Richard J. Eichler
Dr. Richard J. Eichler has a long affiliation with Columbia, having earned his BA, MS, MPhil, and PhD at Columbia. He joined what was then the Columbia College Counseling Service in 1986 as a staff psychologist. Since 1992, Richard served as director and subsequently executive director of the Counseling and Psychological Services division of Columbia Health.
While completing his PhD, Richard trained at a Veterans’ Administration clinic and at Albert Einstein College of Medicine, where he completed his internship in clinical psychology. Among other professional activities early in his career, he worked on a research project on sex role socialization in nursery schools and day care centers, reflecting a long-standing interest and commitment to gender equality. Prior to joining the Columbia Health team, he provided psychotherapy to a culturally diverse population at Bronx Municipal Hospital Center and concurrently studied the delivery of health care services for disabled and chronically ill children at the Preventive Intervention Research Center for Child Health at Albert Einstein College of Medicine.
Richard has taught numerous undergraduate, graduate, and postdoctoral courses in psychology and psychotherapy, including classes in human development at Columbia College and classes in psychodynamic psychotherapy and developmental psychopathology at Teachers College. He has also taught courses and seminars in adolescent development and college mental health practice at the Child and Adolescent Psychotherapy Training Program of the William Alanson White Institute.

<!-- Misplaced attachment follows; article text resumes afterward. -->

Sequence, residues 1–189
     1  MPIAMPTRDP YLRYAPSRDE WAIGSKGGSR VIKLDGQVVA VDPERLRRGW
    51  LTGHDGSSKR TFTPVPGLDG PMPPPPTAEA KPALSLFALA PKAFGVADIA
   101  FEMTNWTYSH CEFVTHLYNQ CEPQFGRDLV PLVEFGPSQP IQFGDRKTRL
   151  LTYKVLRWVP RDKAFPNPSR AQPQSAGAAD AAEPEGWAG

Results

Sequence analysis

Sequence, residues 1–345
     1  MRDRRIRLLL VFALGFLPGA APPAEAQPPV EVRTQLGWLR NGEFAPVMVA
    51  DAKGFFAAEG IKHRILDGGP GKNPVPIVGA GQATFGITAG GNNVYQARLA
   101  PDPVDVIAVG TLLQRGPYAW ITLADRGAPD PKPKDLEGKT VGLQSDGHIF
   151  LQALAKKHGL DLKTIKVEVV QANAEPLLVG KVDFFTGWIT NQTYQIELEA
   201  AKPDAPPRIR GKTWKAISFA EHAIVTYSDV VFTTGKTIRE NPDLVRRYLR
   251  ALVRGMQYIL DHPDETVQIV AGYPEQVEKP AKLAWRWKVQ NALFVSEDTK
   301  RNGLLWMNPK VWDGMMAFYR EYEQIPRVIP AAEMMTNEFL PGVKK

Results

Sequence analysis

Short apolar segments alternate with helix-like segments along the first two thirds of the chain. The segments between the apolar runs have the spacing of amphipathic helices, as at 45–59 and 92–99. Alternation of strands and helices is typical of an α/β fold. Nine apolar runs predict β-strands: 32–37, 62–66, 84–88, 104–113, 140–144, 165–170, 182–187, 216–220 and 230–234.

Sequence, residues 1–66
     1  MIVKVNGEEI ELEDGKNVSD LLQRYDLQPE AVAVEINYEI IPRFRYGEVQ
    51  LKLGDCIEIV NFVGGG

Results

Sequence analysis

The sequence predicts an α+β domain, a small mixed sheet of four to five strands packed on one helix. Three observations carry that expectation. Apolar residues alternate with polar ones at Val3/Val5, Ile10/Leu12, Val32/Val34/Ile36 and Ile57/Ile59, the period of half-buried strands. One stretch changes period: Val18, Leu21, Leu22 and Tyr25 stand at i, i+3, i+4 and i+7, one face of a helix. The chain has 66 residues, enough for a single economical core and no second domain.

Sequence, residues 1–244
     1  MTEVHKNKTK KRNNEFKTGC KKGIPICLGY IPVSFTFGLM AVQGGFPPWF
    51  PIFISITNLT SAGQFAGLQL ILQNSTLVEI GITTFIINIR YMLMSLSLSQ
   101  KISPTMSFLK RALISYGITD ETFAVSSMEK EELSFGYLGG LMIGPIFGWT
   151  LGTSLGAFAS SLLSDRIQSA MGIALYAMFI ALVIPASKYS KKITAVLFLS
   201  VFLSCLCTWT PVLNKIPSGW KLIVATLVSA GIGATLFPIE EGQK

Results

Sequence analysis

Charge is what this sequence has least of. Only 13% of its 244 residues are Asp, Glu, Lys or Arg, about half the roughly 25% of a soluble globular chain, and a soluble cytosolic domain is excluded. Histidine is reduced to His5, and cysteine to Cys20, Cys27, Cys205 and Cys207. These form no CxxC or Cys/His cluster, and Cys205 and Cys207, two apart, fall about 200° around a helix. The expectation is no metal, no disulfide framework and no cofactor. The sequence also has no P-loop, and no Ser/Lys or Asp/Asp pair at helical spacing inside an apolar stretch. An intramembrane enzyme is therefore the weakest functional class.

Dating back to his time at the Veterans Administration, he maintains an ongoing interest in the welfare of military veterans. Other areas of particular professional interest include: psychological opportunities and pitfalls of adolescence and young adulthood; early intervention and prevention strategies; the impact of cultural variables on personal development; evolving relationships through the lifespan; social injustice and trauma; psychological obstacles to academic and career success; and the application of psychoanalytic thinking to brief therapy.
Richard is also especially versed in helping students with learning disabilities navigate university life, and helping young adults and their parents renegotiate their evolving relationships. He is a frequent speaker at professional conferences and community events, addressing various topics such as transitioning to college, the social and emotional concomitants of learning disabilities, improving access to mental health care, and suicide prevention.
Richard has served as a consultant to the College Mental Health section of the Group for the Advancement of Psychiatry, and in collaboration with its membership, co-authored a paper in response to mental health crises on college campuses. He has also served on the Clinical Advisory Board of the Jed Foundation. He is currently on the Editorial Board of the Journal of College Student Psychotherapy.